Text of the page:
Development and validation of a social cognitive theory-based survey for elementary nutrition education program

Elisha Hall, Weiwen Chai, Wanda Koszewski, Julie Albrecht

Research output: Contribution to journalArticle

12 Scopus citations

Abstract

Background: The Social Cognitive Theory (SCT) is a widely used model for developing elementary nutrition education programs; however, few instruments are available to assess the impact of such programs on the main constructs of the SCT. The purposes of this study were: 1) to develop and validate a SCT-based survey instrument that focuses on knowledge, behavior, and self-efficacy for fifth grade students; 2) to assess the relationships between knowledge, behavior, and self-efficacy; and 3) to assess knowledge, behavior, and self-efficacy for healthy eating among the fifth grade students. Methods: A 40-item instrument was developed and validated using content validity and tested among 98 fifth grade students for internal consistency reliability. Relationships between knowledge, behavior, and self-efficacy were assessed using Pearson Correlation Coefficients. Differences in behavior and knowledge scores between children with high and low self-efficacy were examined using t-test. Results: Cronbach's alphas for self-efficacy (0.70) and behavior (0.71) subscales of the survey were acceptable, although lower for knowledge (0.56). Summary scores for self-efficacy and behaviors were positively correlated (r = 0.40, P = 0.0001); however, summary knowledge scores were not associated with self-efficacy (r = 0.02, P = 0.88) or behavior scores (r = 0.14, P = 0.23). Participants with high self-efficacy also had significantly higher scores on consuming fruits (P = 0.0009) and dairy products (P = 0.009), eating breakfast (P = 0.008), helping plan family meals (P = 0.0006) and total behaviors for healthy-eating (P = 0.001) compared to those with low self-efficacy. In addition, approximately two thirds of the fifth grade students reported that they did not eat any fruits or vegetables or ate them only once on a typical day. Conclusions: The developed instrument is a reliable and useful tool to assess SCT-based elementary nutrition education programs, particularly for self-efficacy and behavior. Our results also indicated that strategic interventions are necessary to improve dietary behaviors regarding fruit and vegetable consumptions among elementary school students.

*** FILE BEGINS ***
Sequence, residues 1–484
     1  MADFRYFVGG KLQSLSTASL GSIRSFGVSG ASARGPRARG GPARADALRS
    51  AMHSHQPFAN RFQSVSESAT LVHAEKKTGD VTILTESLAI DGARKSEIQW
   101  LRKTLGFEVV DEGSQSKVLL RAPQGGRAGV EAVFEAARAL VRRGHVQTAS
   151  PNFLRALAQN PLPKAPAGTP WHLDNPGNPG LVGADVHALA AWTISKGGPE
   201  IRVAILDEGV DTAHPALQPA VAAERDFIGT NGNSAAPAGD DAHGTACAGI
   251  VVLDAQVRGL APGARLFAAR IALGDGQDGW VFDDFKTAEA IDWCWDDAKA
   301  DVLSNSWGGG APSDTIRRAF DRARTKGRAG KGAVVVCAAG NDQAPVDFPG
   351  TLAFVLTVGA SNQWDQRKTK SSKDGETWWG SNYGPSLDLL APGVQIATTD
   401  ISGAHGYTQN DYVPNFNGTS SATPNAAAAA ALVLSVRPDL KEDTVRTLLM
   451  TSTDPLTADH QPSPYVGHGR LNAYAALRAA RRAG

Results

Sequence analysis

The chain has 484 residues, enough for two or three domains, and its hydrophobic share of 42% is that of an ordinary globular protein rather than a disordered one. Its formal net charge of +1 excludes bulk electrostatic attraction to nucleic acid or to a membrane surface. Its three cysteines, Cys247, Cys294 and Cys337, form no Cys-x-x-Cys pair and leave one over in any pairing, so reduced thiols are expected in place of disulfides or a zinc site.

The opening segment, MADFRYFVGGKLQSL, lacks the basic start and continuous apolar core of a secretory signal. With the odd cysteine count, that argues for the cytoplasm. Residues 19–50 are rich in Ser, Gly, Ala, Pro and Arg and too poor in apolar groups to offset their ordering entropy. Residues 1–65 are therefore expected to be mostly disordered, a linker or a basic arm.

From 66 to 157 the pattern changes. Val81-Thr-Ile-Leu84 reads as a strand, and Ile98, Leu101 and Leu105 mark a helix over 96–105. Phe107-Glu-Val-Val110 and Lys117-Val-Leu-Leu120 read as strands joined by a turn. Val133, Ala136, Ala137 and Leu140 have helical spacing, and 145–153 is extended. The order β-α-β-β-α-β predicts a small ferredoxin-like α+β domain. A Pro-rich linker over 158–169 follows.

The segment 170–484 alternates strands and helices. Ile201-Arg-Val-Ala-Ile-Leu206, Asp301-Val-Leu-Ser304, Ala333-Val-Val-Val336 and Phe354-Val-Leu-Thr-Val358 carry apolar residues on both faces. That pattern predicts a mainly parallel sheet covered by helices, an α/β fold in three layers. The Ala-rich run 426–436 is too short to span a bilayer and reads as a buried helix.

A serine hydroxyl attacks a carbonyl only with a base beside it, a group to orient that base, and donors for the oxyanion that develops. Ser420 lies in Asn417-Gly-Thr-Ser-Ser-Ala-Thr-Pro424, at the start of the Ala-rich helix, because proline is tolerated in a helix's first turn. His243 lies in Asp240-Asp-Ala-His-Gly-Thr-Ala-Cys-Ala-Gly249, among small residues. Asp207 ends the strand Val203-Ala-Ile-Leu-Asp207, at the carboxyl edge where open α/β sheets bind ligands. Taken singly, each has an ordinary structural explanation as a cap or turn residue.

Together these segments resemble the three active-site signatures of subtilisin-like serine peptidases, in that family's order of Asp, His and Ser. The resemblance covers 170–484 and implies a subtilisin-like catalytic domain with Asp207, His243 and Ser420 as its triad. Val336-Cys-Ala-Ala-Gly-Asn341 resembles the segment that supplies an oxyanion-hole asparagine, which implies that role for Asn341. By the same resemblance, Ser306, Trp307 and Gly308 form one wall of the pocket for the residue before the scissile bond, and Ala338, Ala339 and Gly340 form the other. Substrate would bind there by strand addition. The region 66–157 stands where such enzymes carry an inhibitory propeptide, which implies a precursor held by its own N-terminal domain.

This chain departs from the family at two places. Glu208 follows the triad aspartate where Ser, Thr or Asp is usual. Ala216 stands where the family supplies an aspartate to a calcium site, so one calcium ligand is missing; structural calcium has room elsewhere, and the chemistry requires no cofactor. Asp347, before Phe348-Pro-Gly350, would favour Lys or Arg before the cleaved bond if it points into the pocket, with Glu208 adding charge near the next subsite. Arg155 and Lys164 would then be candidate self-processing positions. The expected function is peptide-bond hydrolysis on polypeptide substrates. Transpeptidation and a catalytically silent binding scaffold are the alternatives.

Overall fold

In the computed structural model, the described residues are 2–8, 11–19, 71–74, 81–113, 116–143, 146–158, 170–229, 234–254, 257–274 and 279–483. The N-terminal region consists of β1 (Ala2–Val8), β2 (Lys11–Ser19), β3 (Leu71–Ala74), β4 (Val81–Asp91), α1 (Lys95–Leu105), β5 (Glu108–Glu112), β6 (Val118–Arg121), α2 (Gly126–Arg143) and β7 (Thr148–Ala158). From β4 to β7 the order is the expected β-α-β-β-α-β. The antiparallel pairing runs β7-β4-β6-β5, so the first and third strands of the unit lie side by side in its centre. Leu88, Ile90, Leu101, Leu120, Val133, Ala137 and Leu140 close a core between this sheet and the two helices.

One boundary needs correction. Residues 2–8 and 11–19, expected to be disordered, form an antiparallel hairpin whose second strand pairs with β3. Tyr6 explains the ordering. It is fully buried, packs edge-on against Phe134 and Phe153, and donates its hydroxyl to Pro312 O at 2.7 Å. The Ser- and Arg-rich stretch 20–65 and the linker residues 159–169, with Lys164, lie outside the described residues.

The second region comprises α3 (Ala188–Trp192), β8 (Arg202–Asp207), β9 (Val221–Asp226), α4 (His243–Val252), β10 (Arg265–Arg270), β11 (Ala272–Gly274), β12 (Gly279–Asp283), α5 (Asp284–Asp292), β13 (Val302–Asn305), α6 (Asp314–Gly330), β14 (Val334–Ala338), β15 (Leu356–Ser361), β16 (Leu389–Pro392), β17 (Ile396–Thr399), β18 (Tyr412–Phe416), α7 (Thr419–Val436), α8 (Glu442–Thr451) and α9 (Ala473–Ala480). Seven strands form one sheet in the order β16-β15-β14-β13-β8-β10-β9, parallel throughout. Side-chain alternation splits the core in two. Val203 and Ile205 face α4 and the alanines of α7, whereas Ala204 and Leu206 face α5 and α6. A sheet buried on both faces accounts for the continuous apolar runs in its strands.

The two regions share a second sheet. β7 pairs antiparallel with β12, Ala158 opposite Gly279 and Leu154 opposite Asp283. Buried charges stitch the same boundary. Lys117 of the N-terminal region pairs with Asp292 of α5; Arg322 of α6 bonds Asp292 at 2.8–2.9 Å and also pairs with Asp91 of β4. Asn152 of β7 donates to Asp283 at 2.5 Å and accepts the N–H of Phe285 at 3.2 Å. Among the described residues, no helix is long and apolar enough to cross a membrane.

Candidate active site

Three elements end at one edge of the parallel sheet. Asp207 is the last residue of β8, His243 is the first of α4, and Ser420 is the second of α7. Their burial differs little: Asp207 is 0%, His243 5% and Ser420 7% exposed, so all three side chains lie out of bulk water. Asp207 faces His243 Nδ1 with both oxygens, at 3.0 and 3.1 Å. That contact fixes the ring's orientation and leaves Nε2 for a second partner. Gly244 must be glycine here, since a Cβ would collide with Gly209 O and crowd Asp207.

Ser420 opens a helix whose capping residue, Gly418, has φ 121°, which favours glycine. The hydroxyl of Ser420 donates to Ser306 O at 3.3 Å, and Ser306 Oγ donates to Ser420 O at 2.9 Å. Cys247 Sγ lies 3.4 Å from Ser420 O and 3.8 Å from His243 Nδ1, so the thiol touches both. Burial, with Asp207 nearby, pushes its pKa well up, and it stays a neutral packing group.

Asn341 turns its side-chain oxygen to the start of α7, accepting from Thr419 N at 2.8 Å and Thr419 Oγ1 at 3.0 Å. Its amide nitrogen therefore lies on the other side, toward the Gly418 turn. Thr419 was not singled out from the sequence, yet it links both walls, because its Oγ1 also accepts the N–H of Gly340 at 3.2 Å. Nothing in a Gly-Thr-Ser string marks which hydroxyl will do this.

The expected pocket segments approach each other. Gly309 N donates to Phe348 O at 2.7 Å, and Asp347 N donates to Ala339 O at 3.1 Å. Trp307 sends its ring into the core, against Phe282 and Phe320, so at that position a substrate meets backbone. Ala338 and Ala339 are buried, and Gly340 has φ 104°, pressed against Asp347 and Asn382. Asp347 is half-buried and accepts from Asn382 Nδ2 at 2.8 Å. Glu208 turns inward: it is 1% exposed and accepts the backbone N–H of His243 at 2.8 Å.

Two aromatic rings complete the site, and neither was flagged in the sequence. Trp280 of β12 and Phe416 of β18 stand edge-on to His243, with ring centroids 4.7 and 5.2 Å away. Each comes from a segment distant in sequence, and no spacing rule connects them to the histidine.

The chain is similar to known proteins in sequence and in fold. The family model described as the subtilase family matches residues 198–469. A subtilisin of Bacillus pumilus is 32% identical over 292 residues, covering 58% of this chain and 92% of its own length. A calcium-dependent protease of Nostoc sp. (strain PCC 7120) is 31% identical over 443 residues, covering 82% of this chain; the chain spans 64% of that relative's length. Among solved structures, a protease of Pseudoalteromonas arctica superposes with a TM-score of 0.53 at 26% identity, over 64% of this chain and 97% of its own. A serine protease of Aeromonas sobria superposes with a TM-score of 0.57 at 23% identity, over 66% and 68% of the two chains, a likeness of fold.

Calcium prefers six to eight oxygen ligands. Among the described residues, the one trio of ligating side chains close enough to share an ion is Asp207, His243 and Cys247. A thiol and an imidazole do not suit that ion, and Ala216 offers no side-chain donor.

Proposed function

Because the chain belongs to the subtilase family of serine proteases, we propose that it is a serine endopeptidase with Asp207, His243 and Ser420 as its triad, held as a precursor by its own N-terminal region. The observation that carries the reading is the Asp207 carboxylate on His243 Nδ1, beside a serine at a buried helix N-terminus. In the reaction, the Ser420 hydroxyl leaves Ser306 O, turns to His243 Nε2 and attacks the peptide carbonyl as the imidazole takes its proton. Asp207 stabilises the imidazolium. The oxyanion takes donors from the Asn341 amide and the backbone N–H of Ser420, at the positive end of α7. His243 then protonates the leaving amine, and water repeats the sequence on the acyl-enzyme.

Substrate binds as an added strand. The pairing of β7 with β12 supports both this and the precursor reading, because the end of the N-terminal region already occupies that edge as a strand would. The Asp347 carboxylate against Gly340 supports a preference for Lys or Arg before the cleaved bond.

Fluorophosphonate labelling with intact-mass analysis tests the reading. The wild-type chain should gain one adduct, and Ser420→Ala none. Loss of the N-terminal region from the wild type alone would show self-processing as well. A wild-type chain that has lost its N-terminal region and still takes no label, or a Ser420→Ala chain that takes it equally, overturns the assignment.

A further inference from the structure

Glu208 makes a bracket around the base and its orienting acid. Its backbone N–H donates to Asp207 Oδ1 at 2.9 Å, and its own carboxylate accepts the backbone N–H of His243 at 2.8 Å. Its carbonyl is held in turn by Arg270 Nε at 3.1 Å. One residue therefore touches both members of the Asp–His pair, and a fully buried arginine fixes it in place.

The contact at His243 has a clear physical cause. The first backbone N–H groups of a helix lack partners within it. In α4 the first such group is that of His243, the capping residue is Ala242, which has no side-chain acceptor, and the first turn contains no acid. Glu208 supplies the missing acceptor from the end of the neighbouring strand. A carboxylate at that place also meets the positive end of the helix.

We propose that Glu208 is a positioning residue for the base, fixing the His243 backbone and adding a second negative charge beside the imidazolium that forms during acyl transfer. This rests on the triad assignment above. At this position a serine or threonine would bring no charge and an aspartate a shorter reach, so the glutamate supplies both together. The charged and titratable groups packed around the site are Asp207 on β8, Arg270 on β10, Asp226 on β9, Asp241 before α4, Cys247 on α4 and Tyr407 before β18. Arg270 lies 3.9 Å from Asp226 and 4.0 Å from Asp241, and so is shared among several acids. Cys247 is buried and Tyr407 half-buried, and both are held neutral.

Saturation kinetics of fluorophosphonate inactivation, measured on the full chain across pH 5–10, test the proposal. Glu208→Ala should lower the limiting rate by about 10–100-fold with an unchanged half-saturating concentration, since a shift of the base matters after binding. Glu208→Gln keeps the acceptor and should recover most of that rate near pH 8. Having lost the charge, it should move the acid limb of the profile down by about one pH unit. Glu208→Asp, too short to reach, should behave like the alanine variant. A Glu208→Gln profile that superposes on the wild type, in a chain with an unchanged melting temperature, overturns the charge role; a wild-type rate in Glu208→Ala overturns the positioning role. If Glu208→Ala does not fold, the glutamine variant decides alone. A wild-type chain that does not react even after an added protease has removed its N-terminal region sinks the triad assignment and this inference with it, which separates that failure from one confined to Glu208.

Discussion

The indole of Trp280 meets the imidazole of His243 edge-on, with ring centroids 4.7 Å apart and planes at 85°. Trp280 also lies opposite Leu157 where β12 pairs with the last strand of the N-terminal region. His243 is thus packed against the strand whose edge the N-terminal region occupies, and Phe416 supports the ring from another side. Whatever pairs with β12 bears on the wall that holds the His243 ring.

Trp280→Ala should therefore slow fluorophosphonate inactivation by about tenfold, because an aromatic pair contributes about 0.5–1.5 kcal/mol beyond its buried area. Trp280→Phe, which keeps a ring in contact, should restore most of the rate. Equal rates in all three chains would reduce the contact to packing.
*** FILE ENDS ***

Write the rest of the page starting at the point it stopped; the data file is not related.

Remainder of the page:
Original languageEnglish (US)
Article number47
JournalInternational Journal of Behavioral Nutrition and Physical Activity
Volume12
Issue number1
DOIs
StatePublished - Apr 9 2015

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Keywords

  • Behavior
  • Elementary nutrition education
  • Healthy eating
  • Knowledge
  • Self-efficacy
  • Social cognitive theory
  • Validation

ASJC Scopus subject areas

  • Medicine (miscellaneous)
  • Physical Therapy, Sports Therapy and Rehabilitation
  • Nutrition and Dietetics

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